MIAMI — In September 2016, Boeing will adjust the production rate of its 747-8 to six aircraft per year, and will recognize a $569 million after-tax charge as near-term demand has decreased. The company previously announced that the rate would drop from 1.3 to one per month to one in March 2016.

Since its launch in 1969, the Boeing 747 led the Very Large Aircraft market segment for decades. However, its dominance in the recent years has been challenged by twin engine widebodies, relegating the passenger operations to a handful operators and cargo, where it has found a predominant use given its capacity.

Boeing 747-8I Assembly Line. (Credits: Boeing)

“The air cargo market recovery that began in late 2013 has stalled in recent months and slowed demand for the 747-8 Freighter,” said Ray Conner, Boeing vice chairman and president and CEO of Boeing Commercial Airplanes. “While we remain confident in the 747-8’s unique value-proposition and an upcoming replacement cycle for late-model 747-400 Freighters, we’re taking the prudent step to further align production with current market requirements.”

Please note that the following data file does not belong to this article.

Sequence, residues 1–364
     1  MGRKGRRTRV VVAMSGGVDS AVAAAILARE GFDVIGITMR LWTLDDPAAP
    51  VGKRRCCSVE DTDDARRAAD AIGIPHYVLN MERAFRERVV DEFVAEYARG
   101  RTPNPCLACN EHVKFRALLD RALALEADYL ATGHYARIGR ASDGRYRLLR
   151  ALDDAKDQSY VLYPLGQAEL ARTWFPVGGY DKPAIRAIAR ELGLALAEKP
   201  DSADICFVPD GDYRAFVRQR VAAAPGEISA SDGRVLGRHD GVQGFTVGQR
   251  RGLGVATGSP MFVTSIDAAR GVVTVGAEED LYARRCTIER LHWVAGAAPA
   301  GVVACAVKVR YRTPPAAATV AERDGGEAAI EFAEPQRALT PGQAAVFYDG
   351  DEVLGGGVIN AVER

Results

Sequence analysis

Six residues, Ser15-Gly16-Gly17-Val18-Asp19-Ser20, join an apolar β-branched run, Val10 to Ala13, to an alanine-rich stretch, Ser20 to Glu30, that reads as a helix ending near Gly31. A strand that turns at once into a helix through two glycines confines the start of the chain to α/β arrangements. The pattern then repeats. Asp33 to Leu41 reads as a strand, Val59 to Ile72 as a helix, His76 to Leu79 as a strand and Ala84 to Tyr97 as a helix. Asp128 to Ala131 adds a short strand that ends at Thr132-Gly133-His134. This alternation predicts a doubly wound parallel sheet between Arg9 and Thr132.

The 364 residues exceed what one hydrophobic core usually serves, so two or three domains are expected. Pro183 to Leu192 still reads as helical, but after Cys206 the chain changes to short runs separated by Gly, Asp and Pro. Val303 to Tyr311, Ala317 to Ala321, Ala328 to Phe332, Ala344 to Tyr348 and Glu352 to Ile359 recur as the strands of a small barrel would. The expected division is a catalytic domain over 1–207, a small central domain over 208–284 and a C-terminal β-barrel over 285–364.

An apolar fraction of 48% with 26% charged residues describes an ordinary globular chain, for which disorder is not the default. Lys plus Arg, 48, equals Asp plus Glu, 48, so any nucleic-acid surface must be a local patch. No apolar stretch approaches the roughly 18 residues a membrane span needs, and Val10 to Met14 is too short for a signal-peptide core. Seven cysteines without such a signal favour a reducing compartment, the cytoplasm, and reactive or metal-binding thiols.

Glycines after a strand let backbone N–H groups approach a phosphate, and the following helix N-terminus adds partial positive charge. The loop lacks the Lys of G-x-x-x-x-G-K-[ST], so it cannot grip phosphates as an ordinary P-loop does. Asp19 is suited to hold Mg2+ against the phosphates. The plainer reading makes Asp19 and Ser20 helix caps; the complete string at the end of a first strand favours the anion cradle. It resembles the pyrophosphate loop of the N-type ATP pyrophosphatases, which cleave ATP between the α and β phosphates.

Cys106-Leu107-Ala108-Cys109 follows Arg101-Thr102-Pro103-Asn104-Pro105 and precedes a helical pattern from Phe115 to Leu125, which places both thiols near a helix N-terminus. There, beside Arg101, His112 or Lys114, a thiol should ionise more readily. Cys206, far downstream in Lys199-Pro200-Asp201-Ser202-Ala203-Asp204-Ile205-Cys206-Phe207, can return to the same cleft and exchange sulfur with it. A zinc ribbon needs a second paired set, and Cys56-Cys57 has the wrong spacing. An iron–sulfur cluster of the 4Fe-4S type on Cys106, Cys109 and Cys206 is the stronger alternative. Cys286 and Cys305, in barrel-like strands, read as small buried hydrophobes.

According to the most recent Boeing orders and deliveries information, Boeing has a backlog for seven 747-8 freighters and 13 747-8 passenger aircraft. The number includes orders for four 747-8s for defunct Russian carrier Transaero, and two for Nigerian carrier Arik Air, which might not take delivery of these given its current financial condition.

“We are closely monitoring the air cargo market as we work to win additional orders to support ongoing future production. At the same time, we continue to aggressively drive productivity to lower costs across our production system to offset the current market challenges,” said Greg Smith, executive vice president of Business Development & Strategy and chief financial officer.